Milanoir takes an appealing aesthetic with a promising setup and turns it into a dutiful slog without much of a payout. It's basic, it's petty, and it's laughably crude. It is a noir title that really doesn't have a whole lot to say.
An interesting shooter that reminds italian noir with some Tarantino's ideas. A good indie, but some unnecessary difficulty spikes ruin the overall flow.
Review in Italian | Read full review
Milanoir is a amalgam of 1970's exploitation cinema and 1980's video games that captures all the grit and violence of the former and the difficulty and frustration of the latter. The story is well written and the game flows between different action sequences and cinematic breaks that keep both gameplay and the story fresh. There are some issues with hit detection and death animations that will frustrate you at times, but the game rewards you for getting through each sequence and makes it worth the effort.
If you're up for a challenging game, this might be right up your alley. However, if you're the type of gamer who prefers a more casual flow to a game, then don't bother – you'll just end up frustrated with controller holes in your wall.
A great concept that summarily misfires on all cylinders, Milanoir is an admittedly stylish retro shooter that is simply too frustrating and poorly designed to recommend.
While Milanoir does a whole lot of things right with its fair share of positives and highly stylized aspects, it still manages to drop the ball on some key elements like crucial gameplay mechanics. Regardless, this game is a fun play, and we'd say it's definitely worth your money, assuming you are looking more for a solid story and over the top experience than you are for the smoothest, frame-perfect gameplay.
Milanoir is a twin stick shooter that offers a nice atmosphere, but it suffers from gameplay and difficulty issues that make him very frustrating.
Review in French | Read full review
Aggressively unpleasant and a chore to play, Milanoir is a bloody dud of a tale. A slick visual style is the only positive to take away from this lousy slog of a game.
Milanoir provides pleasure in its own roundabout, corny, lighthearted way. Sure, its combat is very obtuse, awkward, and confounding. I became emotionally detached from Piero as his dense, cocky attitude drained my soul. But with a few neat mechanics and a well-rendered art style, this whimsical crime-film imitation flatters some of its ancestors and lightly entertains with the same campy charm.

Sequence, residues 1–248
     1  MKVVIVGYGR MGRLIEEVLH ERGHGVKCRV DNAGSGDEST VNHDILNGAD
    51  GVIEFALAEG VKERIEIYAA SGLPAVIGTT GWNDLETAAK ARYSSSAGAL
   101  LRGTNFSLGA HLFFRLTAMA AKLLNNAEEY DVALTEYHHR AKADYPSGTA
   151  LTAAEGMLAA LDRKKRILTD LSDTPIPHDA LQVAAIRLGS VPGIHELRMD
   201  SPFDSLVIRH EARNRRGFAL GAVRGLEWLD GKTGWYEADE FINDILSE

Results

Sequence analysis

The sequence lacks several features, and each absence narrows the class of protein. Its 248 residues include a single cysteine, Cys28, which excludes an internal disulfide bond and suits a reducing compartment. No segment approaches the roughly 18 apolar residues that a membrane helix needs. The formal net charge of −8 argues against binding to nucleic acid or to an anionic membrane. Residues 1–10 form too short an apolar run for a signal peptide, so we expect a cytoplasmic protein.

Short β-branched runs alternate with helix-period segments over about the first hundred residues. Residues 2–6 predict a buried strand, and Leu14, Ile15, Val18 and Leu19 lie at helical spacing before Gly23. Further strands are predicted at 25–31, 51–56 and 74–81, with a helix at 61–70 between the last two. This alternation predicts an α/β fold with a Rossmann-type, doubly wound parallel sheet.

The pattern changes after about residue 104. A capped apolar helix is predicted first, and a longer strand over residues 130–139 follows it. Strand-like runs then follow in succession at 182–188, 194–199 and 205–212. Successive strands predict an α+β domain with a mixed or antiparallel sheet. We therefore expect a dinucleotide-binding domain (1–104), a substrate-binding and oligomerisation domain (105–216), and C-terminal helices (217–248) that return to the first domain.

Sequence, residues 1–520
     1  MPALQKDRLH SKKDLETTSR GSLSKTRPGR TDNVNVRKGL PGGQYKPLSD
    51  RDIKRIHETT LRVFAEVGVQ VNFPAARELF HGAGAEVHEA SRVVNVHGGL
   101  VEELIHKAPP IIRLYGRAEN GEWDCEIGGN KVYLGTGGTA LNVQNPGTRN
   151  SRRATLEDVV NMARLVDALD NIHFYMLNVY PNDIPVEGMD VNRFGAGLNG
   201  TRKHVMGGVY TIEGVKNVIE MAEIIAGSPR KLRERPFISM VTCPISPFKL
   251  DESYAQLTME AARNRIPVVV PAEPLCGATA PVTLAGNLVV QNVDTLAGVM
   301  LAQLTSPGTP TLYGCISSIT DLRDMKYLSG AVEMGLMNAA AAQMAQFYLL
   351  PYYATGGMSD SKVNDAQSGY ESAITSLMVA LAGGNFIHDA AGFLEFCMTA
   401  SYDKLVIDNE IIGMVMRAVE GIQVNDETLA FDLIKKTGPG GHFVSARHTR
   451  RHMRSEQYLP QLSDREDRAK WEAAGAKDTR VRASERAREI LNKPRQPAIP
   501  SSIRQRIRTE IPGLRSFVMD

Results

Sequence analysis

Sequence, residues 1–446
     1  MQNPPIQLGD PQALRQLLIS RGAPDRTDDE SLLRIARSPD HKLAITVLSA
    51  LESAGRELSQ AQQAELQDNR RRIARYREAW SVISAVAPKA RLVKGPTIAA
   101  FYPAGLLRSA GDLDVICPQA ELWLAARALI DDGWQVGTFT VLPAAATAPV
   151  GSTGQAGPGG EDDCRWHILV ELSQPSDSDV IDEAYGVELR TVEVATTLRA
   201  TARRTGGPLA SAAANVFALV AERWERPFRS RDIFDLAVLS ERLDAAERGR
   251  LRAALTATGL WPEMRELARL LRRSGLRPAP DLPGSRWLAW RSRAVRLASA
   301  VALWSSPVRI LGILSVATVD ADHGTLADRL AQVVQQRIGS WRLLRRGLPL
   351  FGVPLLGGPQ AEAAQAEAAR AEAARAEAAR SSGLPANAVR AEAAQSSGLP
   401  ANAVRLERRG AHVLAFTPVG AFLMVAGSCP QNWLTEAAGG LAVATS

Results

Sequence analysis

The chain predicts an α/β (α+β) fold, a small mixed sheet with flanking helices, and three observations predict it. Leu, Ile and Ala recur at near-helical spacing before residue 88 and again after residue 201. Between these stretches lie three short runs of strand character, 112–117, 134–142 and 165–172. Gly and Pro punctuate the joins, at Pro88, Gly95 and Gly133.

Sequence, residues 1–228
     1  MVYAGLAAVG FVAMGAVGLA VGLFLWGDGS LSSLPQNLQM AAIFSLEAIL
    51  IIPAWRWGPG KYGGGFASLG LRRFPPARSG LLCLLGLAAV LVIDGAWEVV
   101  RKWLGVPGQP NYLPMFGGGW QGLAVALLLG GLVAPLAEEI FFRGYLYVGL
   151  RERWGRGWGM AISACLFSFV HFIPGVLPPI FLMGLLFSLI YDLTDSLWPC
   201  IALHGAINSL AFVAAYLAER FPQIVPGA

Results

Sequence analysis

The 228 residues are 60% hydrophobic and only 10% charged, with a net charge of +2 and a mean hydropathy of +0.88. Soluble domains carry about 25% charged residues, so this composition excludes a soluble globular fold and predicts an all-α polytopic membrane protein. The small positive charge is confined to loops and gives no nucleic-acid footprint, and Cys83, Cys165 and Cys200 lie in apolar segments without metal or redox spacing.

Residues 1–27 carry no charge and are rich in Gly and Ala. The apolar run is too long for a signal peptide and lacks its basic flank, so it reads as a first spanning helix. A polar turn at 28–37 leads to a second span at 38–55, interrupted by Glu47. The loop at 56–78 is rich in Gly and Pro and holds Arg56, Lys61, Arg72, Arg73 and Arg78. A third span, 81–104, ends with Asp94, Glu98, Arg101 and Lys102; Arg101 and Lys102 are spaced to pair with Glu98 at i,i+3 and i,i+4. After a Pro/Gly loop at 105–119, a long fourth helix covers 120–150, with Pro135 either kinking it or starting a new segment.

Wasted potential. An action game where the most important parts are flawed. It's a shame, because the atmosphere of Milan and gangster movies are delicious like Italian spaghetti sauce.
Review in Polish | Read full review
Hardboiled and undercooked, the story and tone of Milanoir are dead on target, but the shooting doesn't quite hold up against the tough difficulty.
Milanoir captures the essence of 70's gangster films well, but it's all style and no substance. The writing is juvenile, the difficulty ramp is ridiculous, and the persistent glitches sour the whole experience. If you're someone who seeks accomplishment in conquering an absolutely brutal challenge, you might find some enjoyment here. Otherwise, there isn't a whole lot else to get out of this game.
I’ve played games that I would call “not fun” in the past. Somehow, Milanoir is a whole massive leap beyond that. My first and most overwhelming thought is that this is one of the games the devil makes you play for committing one of the seven deadly sins. I don’t know, pride maybe. The fact that so many indie games can look at Hotline Miami and pull all the wrong lessons from it continues to baffle.
Despite hitting a lot of the same notes, Milanoir is not the Hotline Miami successor many were expecting. The game has a lot of style, enough for its 6-8 hour campaign to keep you engaged, but it is hidden underneath a layer of extreme frustration brought to light by its technical issues and extreme difficulty curve.
Overall, Milanoir is a very fun title.
Milanoir is a fun, and gritty take on the 1970s showcased in Italian crime movies, and the game does a great job at presenting this on Nintendo Switch. The gameplay is solid and entertaining, there's a nice variety of stages, and the minimalist character design has allowed the team to distill the movie stereotypes down to their essence. Be sure to check it out!
Milanoir is not the longest game, but that breakneck pacing is so high octane that it can become draining. Unfortunately, it's not a game that's easy to pick up and put down at will, because it's a little confusing as to when it's actually saving the action.
Milanoir is a fun game with a decent 1970s style story and a gritty pixel art style that fits the narrative. There's a lot of attention to detail in this one, and you'll feel as if each area you visit comes alive. The Mature nature of the game, with its violence, language and some scenes of a… different nature, means this one is not for everyone, but if you're over the age of 17, then you can take this one for a spin on PlayStation 4 to unwind after a long day.
To be sure, some of this is my own incompetence - failing to notice the street signs that can be used to ricochet bullets. But much of it is the fault of the game - the eight-person ricochet off stop signs only hitting two of eight foes in a scene designed explicitly to tutorial that very feature. For that reason alone, I cannot recommend Milanoir. If you want to experience the story of a sadistic killer who's plans have gone bust, you're better off watching one of the game's inspirations, the 1973 film Almost Human. Just know it, and Milanoir, are not for the faint of heart.
If Milanoir were a Tarantino film, it would be Death Proof; a self-indulgent exercise in tedium that would make most people who experience it want their money back.